The average amount is to rise significantly too – from around €180 to about €370 per month.

Housing benefit will also be restructured. There is to be a permanent heating-cost component, which will be included in the allowance calculation as a supplement to rent. A climate component takes into account rent increases due to energy-efficiency measures.

Furthermore, the general formula for calculating housing benefit will be changed.

READ ALSO: Wohngeld – How people in Germany can get help with rising living costs

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Which cities have the cheapest – and most expensive – Döner kebabs in Germany?

A lethal combination of high costs and new wage legislation means that the once humble Döner has almost become a luxury product. But where can you still find Germany's favourite fast food at bargain prices - and where won't you get much change for a tenner?

Which cities have the cheapest - and most expensive - Döner kebabs in Germany?

In modern day Berlin, where tech start-ups and luxury flats are a dime-a-dozen, there’s always a fair bit of nostalgia for the halcyon days of yore. For some, this dates back to the mystical time you could apparently nab yourself a three-bed Altbau apartment in Prenzlauer Berg for €200 warm, for others it’s the era of 24-hour Eckkneipen with €2 beer on tap, and for many, it’s that long-lost time where you could reliably find a Döner for €3 or less. 

What separates out these nostalgic fantasies is the fact that, unlike the mythical Prenzlauer Berg flat, the legend of the €3 Döner kebab is actually in most Berliners’ living memory. It’s shorthand for a simpler time before gentrification had fully run its course, when it didn’t matter if the flat you moved into didn’t have a kitchen because eating out was almost as cheap as cooking at home. And not too long ago, it was a reality.

While the price of kebabs in the ‘Döner capital’ have been climbing steadily for years, in the past year or so, the price hikes have been dramatic. Nowadays it’s not rare to shell out at least €6 or €7 for your kebab – even at the neighbourhood joints that were known for being cheap.

But the problem isn’t just confined to Berlin. As a recent survey by delivery company Lieferando has shown, Germany’s most popular fast food option is soaring in price across the country.

READ ALSO: How the humble Döner kebab evolved into Berlin’s go-to fast food snack

Why are Döners so expensive these days? 

Döner shop owners are facing a perfect storm right now, with much higher wage, energy, and food costs.

Speaking to Tagesschau, Ömer Gülec – who runs a kebab shop in Frankfurt am Main – said it was increasingly difficult to cover his costs by selling kebabs.

“If we wanted to sell the kebab to cover costs, we would have to raise the prices to at least nine euros,” he said. But that’s near impossible to do without alienating customers.

“For some customers, the döner kebab is a basic food that should not cost more than six euros,” explained Gülec.

That’s largely because food has become eye-wateringly expensive to buy, with data from the Federal Office of Statistics showing a 24.3 percent uptick in the price of cereal and bread products compared to last February. Meanwhile, vegetables cost around 20 percent more, and beef and veal have increased in price by around 18 percent. 

Another key factor was last September’s jump in the minimum wage, which is now set at €12 an hour, and the huge rise in energy costs. In every kebab shop around the country, the meat spit turns all day long, leaving owners with sky-high bills.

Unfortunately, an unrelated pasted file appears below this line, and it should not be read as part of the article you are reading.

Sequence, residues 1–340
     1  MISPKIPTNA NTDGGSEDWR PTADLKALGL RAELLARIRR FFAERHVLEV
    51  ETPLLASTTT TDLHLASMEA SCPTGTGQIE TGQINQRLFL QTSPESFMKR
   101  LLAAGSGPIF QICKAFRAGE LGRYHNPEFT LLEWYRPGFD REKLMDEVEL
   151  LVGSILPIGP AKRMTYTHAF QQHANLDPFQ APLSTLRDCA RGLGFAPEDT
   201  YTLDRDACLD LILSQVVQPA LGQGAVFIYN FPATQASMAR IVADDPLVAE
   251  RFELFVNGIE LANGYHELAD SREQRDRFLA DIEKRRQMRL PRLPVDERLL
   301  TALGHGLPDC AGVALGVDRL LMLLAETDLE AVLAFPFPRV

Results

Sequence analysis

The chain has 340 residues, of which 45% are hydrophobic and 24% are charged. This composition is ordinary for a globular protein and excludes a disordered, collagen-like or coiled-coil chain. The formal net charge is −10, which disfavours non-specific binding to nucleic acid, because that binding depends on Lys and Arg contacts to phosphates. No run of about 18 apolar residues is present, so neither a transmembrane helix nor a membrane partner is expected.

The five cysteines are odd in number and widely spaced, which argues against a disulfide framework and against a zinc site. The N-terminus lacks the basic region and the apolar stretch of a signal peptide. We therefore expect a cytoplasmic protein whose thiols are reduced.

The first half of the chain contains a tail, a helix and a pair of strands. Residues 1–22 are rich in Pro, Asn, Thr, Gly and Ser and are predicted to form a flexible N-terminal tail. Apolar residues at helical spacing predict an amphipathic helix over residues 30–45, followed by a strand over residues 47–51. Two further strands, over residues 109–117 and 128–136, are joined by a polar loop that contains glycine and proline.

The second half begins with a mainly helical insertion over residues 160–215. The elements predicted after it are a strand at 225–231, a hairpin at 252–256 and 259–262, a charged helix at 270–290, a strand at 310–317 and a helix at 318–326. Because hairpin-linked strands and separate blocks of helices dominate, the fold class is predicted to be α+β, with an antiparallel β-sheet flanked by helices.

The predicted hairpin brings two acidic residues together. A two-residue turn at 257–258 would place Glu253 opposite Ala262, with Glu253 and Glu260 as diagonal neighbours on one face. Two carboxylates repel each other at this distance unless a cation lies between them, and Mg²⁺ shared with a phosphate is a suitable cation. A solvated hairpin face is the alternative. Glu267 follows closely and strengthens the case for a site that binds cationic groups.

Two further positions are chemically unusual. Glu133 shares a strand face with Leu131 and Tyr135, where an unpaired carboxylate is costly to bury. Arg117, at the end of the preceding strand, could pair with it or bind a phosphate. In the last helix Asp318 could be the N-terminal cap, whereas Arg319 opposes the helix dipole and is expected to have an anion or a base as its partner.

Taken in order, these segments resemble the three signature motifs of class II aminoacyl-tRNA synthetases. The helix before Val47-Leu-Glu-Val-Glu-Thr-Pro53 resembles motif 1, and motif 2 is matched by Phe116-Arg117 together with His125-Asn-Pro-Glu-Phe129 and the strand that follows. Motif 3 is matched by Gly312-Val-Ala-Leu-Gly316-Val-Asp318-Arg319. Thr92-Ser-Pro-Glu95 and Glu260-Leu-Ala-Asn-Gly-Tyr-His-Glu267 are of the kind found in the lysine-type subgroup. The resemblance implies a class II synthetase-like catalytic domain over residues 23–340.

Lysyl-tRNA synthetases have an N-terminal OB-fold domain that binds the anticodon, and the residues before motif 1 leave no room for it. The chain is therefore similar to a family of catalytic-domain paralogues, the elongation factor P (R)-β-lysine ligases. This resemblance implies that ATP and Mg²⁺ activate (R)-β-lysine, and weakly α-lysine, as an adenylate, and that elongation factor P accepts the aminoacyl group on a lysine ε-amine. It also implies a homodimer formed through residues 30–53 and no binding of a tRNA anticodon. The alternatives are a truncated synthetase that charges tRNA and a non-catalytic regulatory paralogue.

Combine all three and it makes it near impossible to charge anything less than €6 – let alone €3. 

Which cities are the cheapest – and which are the priciest? 

Lieferando’s ‘Döner-Vergleich’ (Döner comparison) found pretty significant regional differences in how much people are charged for their kebab – but the study also shows that a Döner under €6 has become something of a rarity anywhere.

Dresden and Bremen kept their earlier titles as the more affordable places in the country to enjoy a kebab, with customers in Saxony’s capital paying an average of €6.40 and those in the northern city-state paying €6.17. But a glance at a previous Lieferando survey shows just how much prices have gone up in the past year. Back in 2022, the average price of a Döner in Bremen was just €4.67 and in Dresden it was €4.96.

Döner kebab prices in Berlin

A menu outside a kebab shop in the Berlin district of Prenzlauer Berg back in 2022. Photo: picture alliance/dpa | Fabian Sommer

On the other end of the spectrum, residents of Frankfurt am Main buy their kebabs from an average price of €7.80, and in pricey Munich, €7.98 is the new norm. That compares to a much more modest €5.47 in Frankfurt and €5.67 in Munich at the time of the last survey. 

And what about Berlin, the city that has arguably the strongest love affair with the kebab? Well, customers here also have to dig pretty deep in their pockets: they’re paying an average of €7.08 for a Döner, compared to around €5.40 last year.

READ ALSO: As supplier costs rise, are cheap kebabs a thing of the past in Germany?

Could €10 kebabs become the norm? 

When it comes to subjects that are likely to rile up the German population, few have quite the force that Döner prices do. 

Back in October, a video of Chancellor Olaf Scholz (SPD) being confronted by a furious Döner customer went viral online. 

The plight of the Döner has become such an emotive issue that there have been calls on social media platforms recently for a ‘Dönerpreisbremse’ – or Döner price cap – to follow on from the government’s energy price cap.

The pleas gained such momentum that they even elicited an official response from the government.

“With the energy price brakes, the federal government is also helping small entrepreneurs like the kebab trader,” they said. “Will it make kebabs cheaper? That can’t be said for sure yet.”

But according to Ömer Gülec in Frankfurt, the halcyon days of €3 kebabs are probably behind us for good.

“If the prices continue to rise so strongly for at least another six months, then the kebab prices will scratch the €10 mark everywhere,” he told Tagesschau.

Soon, a Döner for less than five euros could even be hard – if not impossible – to find.